The National Aviary is America’s only independent indoor nonprofit zoo dedicated exclusively to birds. Located in West Park on Pittsburgh’s historic North Side, the National Aviary’s diverse collection comprises more than 600 birds representing more than 200 species from around the world, many of them threatened or endangered in the wild.
When the ordinary family moved from Illinois, we lamented moving away from the Morton Arboretum, especially since we had just renewed our membership for two years. But members enjoy reciprocal privileges from other gardens around the United States – among them, the National Aviary. Yesterday, the Rainbow House of Learning took a field trip to the aviary.
What a wonderful trip for a bunch of bird lovers: five hours of exhibits, shows and bird feedings! I took nearly 250 photos, but you don’t have to see them all…
These birds greeted us when we arrived (and sent us on our way at the end of the day).
After the flamingo story time, we visited the wetlands exhibit for the show at feeding time. (We enjoyed the show so much that we went again in the afternoon.) As part of the show, visitors are invited to help feed the birds – a big highlight. Some of the birds of the wetlands…
We had the chance to see another feeding in the rainforest exhibit, although I missed most of it. (More on that later.) But again, beautiful birds were plentiful.
I was especially excited to see the fairy bluebird. Of the non-North American birds, it’s the only one that I’ve seen in its native environment.
The girls looked forward to our visit to the lorikeet exhibit, knowing that they’d have a chance to feed these pretty birds.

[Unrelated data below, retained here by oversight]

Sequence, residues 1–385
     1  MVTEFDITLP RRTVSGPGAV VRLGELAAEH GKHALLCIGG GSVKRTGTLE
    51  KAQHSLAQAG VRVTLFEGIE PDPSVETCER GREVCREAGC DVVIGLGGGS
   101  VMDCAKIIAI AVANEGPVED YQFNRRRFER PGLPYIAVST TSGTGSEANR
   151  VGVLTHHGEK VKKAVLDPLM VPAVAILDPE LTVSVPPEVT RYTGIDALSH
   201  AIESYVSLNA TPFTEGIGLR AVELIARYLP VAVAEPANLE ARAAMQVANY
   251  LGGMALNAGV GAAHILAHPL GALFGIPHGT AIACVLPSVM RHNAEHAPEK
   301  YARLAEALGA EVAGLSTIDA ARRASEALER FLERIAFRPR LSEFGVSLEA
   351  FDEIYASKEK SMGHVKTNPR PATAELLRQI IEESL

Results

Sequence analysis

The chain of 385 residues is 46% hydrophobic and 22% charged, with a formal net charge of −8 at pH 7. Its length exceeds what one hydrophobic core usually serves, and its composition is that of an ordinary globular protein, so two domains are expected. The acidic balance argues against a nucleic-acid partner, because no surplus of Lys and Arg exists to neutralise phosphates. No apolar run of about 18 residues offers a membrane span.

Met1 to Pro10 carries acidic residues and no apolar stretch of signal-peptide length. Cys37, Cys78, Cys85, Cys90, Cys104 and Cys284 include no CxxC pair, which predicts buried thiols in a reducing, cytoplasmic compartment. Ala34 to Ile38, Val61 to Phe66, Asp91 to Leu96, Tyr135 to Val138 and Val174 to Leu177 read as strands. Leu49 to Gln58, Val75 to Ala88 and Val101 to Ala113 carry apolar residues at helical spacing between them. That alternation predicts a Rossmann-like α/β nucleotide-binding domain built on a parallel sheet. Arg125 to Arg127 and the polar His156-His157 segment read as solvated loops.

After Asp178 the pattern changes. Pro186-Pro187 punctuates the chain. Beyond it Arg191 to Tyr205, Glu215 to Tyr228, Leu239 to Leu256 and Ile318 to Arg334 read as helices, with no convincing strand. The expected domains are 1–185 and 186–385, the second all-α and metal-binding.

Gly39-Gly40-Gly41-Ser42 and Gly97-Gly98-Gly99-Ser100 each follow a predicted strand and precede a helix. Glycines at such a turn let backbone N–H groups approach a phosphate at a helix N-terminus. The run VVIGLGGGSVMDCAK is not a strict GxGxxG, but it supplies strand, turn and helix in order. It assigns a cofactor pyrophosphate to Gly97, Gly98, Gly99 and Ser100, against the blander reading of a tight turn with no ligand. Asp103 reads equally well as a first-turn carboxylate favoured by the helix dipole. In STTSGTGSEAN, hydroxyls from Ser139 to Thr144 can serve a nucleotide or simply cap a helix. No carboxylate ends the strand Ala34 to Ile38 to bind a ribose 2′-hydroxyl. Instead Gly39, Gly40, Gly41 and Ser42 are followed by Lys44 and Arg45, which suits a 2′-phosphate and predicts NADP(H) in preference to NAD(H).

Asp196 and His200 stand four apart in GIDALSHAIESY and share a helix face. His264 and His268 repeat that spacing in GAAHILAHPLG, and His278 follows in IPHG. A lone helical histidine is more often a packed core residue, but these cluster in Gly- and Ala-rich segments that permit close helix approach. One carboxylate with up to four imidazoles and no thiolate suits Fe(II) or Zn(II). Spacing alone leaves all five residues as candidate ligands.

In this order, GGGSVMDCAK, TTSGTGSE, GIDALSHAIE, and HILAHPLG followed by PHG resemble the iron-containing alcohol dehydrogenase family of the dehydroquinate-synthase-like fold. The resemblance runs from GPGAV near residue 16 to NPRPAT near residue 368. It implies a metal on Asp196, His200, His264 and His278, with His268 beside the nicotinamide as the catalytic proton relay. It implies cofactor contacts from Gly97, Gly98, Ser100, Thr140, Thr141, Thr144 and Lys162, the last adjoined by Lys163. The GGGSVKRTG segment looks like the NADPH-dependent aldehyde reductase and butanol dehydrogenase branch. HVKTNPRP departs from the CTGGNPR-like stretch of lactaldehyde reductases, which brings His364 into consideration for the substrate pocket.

I just got distracted by the roll of toilet paper.
Is spring in the air?
In the rainforest and then again in the wetlands, we encountered some birds that were feeling rather… um… “frisky”. First, the male Great Argus wanted to demonstrate to the female just how great he was…
I took this little video of the ongoing efforts of the male to impress the female. In the process, I missed the feeding of the rest of the rainforest birds (you can hear that in the background).
Toward the end of the video, you can hear a woman say to her daughter…
You know what that bird’s doing? It’s showing off. It’s saying, “Look how beautiful I am. Don’t you want to be my friend?”
I’d have to say that he wants to be “more than friends”.
Later on in the wetlands, the wattled curassow started doing the same thing. We liked the wattled curassow, because he provided some fun pictures.
And then some fun video…
The birds gifted me with good luck…
I made a new friend. I tried to get his picture while he was on my shoulder, but Ordinary Spouse got a better one…
Of course, when you take 250 photos, you’re going to get some duds. At the aviary, many of them happened when I tried to capture images of feeding birds in flight…
There was a negative review on Google+ complaining that the aviary was “gross” and had a “predictable smell”, to which I respond, “Get outside much? Ah – no. You have a coat and tie.” My review would be very enthusiastically positive.
Finally, what makes this the “National” Aviary? It is the largest aviary in the country and was given the “National” designation by congress in 1993. Although the designation doesn’t come with any funding, it does make fund-raising easier. (The effort to become the National Aviary was modeled on Baltimore’s successful campaign to have their aquarium recognized in a similar fashion more than a decade earlier.)
- Keel-billed toucan
- American flamingo
- Steller’s sea eagle
- Bald eagle
- Hadada ibis
- White-tailed trogon
- Blue-bellied roller
- Roseate spoonbill
- Brown pelican
- Golden conure
- Wattled curassow
- Hyacinth macaw
- Great Argus
- Fairy bluebird
- Victoria crowned pigeon
- Common grackle
- Inca tern
Today, I arrived home to a meal prepared in the style of the Plymouth pilgrims by Oldest Daughter. As the father, I had been moved to the head of the table, which was a bit jarring, since I’m a creature of habit. Ordinary Spouse sat beside me, and the children had to sit “below the salt”. So we were all in the “proper” order.
Oldest Daughter prepared a menu and small rule book so that we’d know what to expect. The meal consisted of: